14 The Conference : Berlin Conference  An international conference to lay down basic imperialistic rules.  Organized by Jules Ferry from France, and Otto Von Bismarck from Germany  No Africans were present  No European country could claim the entire continent.  European nations would push relentlessly from all sides to the interior.

15 Pre-imperialism Africa 1878: European nations control less than 10% of Africa 1878: European nations control less than 10% of Africa By 1900, nearly the entire continent will be “carved up” by European industrialized nations By 1900, nearly the entire continent will be “carved up” by European industrialized nations

16 South Africa African Chiefdoms, Dutch settlers (Boers, or Afrikaners) and British Colonial Forces wages a three-pronged war for control of South Africa  Shaka, of the Zulu tribe revolutionized warfare for the Africans With discovery of diamonds in 1867, Cecil Rhodes and his De Beers financiers were energized for takeover!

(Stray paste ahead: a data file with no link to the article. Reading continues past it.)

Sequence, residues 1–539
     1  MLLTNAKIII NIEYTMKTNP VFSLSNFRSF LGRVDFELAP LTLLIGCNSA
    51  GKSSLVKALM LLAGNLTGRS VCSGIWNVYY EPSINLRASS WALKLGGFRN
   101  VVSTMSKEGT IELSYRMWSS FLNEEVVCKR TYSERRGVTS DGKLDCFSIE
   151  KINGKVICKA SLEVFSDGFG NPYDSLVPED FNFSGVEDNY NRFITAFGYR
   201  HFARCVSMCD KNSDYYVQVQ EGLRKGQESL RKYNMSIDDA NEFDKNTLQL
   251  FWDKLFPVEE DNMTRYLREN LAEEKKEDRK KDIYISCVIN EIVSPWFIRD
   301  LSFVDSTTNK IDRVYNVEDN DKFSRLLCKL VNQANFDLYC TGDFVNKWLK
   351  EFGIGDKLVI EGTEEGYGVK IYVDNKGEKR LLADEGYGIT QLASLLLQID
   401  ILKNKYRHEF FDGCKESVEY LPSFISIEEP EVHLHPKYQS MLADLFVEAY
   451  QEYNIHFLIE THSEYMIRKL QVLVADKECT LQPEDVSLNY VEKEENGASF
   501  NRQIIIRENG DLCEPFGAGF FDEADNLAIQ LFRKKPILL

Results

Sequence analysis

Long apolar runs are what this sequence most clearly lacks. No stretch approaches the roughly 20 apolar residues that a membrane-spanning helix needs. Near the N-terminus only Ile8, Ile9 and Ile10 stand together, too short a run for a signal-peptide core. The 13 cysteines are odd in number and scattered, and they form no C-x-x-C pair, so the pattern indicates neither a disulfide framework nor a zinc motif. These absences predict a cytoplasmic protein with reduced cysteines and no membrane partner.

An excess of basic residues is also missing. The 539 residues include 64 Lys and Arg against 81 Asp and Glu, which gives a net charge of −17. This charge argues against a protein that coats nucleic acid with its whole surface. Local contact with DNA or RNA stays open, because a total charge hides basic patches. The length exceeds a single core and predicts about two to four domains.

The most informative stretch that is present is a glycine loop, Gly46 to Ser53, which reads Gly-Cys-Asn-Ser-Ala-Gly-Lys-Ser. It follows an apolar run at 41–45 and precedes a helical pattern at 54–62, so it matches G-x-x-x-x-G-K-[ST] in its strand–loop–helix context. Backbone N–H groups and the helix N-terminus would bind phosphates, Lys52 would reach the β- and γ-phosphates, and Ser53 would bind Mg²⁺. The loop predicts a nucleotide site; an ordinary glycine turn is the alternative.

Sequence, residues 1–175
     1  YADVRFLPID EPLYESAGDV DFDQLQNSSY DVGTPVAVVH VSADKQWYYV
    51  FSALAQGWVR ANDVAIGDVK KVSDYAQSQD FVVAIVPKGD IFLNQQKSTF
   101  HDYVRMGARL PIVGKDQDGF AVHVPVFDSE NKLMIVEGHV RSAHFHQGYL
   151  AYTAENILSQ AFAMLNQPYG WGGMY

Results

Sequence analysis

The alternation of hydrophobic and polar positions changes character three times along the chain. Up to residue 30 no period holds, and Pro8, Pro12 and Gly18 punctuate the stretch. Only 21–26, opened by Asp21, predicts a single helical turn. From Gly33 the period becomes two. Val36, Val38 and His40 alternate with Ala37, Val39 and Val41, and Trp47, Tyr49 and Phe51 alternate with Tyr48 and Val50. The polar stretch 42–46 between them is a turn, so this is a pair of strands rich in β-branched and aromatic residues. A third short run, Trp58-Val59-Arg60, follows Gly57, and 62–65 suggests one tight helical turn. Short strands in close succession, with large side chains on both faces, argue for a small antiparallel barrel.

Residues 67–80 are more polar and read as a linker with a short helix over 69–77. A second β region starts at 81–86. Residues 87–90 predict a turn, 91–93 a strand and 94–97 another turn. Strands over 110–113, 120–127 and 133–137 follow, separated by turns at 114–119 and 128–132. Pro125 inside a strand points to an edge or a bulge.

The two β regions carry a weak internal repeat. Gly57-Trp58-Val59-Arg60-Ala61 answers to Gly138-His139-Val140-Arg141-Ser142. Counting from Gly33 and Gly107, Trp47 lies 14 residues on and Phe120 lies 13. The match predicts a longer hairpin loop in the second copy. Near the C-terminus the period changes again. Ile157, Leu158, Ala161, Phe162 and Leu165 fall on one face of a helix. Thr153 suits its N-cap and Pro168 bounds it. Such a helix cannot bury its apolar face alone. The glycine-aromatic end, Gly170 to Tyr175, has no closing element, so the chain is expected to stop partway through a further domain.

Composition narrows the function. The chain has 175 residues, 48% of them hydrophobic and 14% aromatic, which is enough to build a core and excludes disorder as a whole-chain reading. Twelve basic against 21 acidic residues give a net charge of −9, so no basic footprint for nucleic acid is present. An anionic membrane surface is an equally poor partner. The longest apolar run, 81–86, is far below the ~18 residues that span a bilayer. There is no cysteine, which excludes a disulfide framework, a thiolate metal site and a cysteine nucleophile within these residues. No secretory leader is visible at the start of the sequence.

17 Boer War : Anglo-Boer War, otherwise known as the South African War. British forces defeated the Afrikaner forces using 450,000 soldiers from all over the empire.  Used the “total war” concept

18 E. Napp European powers engaged in a “Scramble for Africa” starting in the 1870s. By 1890, most of Africa came under European control.

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20 E. Napp By 1890, only Ethiopia and Liberia remained independent.

21 E. Napp King Leopold, the king of Belgium, ruled the Congo like his own private estate. Natives that did not supply enough rubber had their hands cut off. While the king profited, the people of the Belgian Congo suffered greatly.

22 Asia in 1914

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24 Reasons why the Europeans were so successful… Rapid Fire Machine Gun Quinine: immunization against malaria Steamship and Telegraph allowed European powers to concentrate firepower